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What Is a Corporation?

Separate from business owners, corporations are their own legal entity which the owners control through the shares they have in the company. When incorporating, you will have the opportunity to state how many shares you own as the register of the corporation. For a one-person corporation, this will be a 100 percent share.

Forming a Corporation

Corporations allow for individuals to work together to generate a profit. Forming a corporation will be done on a state level and the requirements may vary greatly from one state to another. Corporations, unlike people, are given additional benefits from the state. As a corporation, a company has an infinite lifespan unless it is closed by the owner(s).

Forming a corporation will require:

  • Choosing an available business name
  • Appointing directors
  • Filing articles of incorporation with the state
  • Paying filing fees and license fees if necessary
  • Creating bylaws for your business
  • Holding your first annual meeting
  • Issuing stock certificates

Bylaws are not a legal requirement, but they are highly recommended. Corporate directors will also need to be appointed and a registered agent may be a necessity within your respective state.

If you haven't set up your corporation, we provide an easy means of incorporating online. Our system takes into consideration every state's rules and requirements for incorporation.

If you are unsure of which entity to choose, seeking help from a lawyer is recommended. You can take advantage of our legal advice section. A lawyer will be able to explain "what is a corporation?" and help you determine if incorporation is the right choice for your business ventures.

Public and Private Corporations

When a corporation is formed, or later as it expands, shares can be open to the public. A publicly owned corporation will allow investors to be able to buy shares of your corporation. It's possible to remain a privately owned corporation wherein shares of the company are not publicly available.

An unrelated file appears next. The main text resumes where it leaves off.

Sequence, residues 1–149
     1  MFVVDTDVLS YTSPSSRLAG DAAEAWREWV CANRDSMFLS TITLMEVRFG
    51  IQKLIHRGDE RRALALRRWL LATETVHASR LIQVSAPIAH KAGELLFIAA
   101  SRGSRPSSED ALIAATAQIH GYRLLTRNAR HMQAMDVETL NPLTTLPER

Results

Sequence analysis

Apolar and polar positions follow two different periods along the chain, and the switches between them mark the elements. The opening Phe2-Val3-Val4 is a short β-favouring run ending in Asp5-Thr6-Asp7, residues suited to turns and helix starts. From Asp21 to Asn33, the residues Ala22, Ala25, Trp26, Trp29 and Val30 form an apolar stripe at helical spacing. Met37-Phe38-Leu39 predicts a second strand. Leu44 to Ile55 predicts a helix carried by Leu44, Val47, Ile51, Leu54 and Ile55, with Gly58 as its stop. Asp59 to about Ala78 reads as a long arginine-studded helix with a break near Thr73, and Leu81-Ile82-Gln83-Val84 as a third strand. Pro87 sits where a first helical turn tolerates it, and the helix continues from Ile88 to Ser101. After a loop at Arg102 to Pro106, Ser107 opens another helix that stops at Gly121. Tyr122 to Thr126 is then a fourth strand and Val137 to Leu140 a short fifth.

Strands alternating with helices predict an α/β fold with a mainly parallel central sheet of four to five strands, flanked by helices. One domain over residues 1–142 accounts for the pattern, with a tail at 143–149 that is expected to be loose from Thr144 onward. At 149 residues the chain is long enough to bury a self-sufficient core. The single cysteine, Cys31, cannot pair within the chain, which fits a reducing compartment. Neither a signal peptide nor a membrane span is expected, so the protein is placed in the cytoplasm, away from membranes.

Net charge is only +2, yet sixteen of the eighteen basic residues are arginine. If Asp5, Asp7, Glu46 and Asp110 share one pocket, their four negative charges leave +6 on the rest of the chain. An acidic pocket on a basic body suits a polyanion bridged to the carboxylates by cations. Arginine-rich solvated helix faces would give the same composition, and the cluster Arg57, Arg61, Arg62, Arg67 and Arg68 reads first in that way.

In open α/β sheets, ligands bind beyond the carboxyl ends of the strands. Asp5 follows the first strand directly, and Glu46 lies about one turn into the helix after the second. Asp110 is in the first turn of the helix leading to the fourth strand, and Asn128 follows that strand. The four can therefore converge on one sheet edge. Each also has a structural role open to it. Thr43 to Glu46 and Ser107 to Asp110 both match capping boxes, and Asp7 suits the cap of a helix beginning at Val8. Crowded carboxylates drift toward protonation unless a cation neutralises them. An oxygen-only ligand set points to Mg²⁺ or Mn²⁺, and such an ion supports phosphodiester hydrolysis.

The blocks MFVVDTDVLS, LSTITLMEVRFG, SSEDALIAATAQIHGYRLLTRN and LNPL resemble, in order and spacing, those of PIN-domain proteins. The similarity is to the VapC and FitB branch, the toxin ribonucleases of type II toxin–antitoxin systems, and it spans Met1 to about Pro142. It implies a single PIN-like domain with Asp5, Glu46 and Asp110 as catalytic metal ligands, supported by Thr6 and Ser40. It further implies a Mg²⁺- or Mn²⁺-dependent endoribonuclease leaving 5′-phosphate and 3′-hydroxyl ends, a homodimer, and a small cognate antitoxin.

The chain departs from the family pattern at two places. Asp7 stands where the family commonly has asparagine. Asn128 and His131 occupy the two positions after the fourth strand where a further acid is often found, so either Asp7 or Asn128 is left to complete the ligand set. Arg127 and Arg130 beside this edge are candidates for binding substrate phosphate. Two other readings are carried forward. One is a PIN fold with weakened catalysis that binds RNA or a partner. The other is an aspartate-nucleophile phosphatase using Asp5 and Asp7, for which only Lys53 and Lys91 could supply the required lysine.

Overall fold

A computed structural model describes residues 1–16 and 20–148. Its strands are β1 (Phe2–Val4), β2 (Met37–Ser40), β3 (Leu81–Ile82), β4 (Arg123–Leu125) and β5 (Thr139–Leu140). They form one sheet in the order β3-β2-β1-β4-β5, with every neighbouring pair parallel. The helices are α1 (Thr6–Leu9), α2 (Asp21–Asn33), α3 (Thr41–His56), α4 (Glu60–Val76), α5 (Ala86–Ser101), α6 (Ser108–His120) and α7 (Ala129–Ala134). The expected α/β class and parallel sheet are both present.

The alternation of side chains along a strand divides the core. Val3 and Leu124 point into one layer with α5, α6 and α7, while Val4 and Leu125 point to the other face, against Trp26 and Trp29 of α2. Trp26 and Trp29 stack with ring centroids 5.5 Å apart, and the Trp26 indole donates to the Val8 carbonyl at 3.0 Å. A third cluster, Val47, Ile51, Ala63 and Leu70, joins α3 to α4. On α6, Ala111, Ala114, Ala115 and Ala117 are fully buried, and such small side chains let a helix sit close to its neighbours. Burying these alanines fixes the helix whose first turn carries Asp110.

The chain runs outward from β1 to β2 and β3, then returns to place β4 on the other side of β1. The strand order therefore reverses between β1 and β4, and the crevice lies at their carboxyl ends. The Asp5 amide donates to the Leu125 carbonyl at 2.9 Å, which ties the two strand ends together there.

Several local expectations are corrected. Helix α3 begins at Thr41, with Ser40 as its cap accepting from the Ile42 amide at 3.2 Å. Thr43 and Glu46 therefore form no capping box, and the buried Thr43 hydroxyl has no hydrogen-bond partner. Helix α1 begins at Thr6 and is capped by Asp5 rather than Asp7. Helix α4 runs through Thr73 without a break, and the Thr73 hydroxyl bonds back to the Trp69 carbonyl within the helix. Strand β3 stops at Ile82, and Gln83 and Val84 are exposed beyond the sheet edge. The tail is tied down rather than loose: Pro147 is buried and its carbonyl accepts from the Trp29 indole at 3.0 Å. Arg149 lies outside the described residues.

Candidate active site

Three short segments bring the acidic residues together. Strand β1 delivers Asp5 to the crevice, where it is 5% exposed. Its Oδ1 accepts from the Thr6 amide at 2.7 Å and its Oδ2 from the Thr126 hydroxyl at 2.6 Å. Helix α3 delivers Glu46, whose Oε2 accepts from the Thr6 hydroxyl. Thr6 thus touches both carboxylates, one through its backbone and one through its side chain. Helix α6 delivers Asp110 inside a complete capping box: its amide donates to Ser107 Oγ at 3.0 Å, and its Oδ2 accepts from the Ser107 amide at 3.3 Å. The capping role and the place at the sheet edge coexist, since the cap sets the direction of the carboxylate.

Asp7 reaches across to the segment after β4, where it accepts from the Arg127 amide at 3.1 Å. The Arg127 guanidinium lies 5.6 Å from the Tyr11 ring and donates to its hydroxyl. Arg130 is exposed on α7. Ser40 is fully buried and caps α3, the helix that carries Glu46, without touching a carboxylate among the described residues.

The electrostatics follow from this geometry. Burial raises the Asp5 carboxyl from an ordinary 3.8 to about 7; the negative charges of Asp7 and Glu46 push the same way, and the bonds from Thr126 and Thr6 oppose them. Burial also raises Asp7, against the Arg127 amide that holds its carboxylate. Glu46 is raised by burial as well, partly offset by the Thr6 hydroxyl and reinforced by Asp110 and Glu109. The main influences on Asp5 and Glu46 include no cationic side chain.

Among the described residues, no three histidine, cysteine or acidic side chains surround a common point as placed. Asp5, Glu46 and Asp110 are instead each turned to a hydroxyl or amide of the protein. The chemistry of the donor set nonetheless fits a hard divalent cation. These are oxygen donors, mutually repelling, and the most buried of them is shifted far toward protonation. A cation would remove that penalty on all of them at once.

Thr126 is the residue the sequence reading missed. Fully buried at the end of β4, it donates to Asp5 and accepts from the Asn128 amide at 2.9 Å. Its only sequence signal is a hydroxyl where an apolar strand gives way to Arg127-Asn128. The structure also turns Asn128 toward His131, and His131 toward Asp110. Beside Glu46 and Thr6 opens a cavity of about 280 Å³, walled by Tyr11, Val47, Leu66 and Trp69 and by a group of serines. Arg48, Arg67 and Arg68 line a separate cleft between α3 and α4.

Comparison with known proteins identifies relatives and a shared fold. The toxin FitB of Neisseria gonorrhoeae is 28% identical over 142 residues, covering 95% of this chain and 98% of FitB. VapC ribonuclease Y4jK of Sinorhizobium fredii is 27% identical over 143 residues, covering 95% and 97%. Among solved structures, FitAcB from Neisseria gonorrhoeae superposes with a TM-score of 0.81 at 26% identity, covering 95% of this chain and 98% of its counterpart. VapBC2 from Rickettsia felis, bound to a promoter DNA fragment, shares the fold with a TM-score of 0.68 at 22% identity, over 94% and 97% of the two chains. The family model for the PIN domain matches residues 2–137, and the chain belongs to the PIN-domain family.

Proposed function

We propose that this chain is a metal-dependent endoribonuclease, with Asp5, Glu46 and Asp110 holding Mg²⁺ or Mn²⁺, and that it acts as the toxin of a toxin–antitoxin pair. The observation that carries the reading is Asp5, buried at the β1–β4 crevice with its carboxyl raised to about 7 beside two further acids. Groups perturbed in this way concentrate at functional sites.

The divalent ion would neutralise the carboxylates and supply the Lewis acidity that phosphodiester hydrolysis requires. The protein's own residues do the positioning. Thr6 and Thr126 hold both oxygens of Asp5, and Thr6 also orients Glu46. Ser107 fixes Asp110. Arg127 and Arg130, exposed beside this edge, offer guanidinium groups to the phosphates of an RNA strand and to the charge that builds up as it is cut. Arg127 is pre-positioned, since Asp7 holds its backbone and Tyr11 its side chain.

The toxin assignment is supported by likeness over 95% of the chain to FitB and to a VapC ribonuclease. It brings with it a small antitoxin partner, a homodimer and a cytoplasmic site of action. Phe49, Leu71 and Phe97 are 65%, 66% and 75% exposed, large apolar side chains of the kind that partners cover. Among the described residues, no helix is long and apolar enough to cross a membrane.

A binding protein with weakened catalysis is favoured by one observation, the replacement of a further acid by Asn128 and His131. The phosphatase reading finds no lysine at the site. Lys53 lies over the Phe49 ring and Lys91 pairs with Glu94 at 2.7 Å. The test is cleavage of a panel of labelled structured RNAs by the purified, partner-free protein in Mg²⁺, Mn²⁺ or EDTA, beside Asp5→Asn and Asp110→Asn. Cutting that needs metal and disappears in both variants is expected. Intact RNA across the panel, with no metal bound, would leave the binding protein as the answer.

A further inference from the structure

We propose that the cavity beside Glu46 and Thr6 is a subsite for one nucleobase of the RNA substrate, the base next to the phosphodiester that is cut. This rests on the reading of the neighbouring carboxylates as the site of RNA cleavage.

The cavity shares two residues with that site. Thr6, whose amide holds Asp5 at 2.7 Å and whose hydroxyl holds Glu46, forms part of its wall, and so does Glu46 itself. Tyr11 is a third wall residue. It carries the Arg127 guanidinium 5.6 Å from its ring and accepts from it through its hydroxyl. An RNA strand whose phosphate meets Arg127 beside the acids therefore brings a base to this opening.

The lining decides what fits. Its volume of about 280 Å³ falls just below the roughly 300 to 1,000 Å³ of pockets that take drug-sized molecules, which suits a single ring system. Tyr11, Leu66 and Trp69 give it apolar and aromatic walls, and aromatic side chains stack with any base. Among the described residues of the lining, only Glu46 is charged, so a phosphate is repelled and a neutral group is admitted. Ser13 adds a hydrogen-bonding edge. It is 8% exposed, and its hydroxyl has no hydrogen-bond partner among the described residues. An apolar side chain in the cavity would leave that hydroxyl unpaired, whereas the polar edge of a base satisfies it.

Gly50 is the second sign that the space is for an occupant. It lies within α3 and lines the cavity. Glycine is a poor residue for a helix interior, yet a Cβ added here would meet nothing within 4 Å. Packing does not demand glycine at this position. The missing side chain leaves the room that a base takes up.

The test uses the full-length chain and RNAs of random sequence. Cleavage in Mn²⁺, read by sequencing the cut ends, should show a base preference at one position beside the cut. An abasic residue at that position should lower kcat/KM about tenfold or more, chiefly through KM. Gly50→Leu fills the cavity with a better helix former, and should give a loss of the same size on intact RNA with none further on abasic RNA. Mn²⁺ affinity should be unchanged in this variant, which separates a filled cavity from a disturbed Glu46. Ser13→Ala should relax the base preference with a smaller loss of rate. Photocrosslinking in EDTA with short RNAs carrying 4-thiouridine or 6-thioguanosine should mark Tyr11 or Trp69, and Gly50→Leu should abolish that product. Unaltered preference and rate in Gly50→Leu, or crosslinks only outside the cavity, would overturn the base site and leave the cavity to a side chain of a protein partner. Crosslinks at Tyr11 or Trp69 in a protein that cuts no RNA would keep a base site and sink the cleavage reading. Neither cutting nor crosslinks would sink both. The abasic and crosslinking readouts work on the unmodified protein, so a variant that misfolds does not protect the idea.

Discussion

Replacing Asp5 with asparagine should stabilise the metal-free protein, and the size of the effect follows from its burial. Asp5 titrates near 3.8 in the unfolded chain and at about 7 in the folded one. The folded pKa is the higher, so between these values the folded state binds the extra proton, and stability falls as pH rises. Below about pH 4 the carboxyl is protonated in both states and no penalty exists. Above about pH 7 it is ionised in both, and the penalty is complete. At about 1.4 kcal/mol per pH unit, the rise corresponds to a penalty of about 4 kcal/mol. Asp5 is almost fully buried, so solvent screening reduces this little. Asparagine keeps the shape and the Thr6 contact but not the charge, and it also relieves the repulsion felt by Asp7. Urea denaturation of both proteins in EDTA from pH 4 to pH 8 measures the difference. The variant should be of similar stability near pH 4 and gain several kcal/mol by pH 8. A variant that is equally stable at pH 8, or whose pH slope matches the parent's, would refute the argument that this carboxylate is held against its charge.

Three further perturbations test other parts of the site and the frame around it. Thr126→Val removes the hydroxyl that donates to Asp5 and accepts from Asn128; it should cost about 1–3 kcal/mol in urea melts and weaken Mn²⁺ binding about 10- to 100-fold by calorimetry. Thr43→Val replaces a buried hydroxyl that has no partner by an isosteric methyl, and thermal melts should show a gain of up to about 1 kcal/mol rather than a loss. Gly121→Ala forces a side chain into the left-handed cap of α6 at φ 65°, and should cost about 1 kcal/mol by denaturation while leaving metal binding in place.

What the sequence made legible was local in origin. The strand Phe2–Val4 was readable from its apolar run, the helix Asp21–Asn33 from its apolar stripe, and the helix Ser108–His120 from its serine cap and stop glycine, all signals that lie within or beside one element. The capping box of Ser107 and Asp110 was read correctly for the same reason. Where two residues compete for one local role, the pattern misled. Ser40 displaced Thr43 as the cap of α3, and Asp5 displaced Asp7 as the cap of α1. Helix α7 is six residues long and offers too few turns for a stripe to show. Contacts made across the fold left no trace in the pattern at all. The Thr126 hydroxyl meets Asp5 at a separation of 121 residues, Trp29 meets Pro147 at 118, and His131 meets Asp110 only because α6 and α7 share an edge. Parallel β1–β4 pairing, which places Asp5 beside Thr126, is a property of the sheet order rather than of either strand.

When going public, there are further rules and regulations that your corporation must follow to adhere to the strict rules of the U.S. Securities and Exchange Commission (SEC).

As a corporation, the owners are not held liable for the debts of the corporation. As a separate entity, the company's debts are not your responsibility. Shareholders are never held liable for the debts of their companies unless fraudulent activities have taken place and the corporate veil has been pierced.

Liability of the owners of stock is limited only to the investment made.

Dividends and Stock Appreciation

While limited liability is present, stockholders are able to profit from a corporation through dividends and the appreciation of stock. Non-profit corporations also exist wherein profits aren't distributed to the owners.

Owners of a business often receive a salary on top of the dividends and stock appreciation seen. If an owner acts as a CEO or manages the corporation, they will receive a salary as well as the benefits of the stock dividends and appreciation if the stock is public.

This article contains general legal information and does not contain legal advice. Rocket Lawyer is not a law firm or a substitute for an attorney or law firm. The law is complex and changes often. For legal advice, please ask a lawyer.

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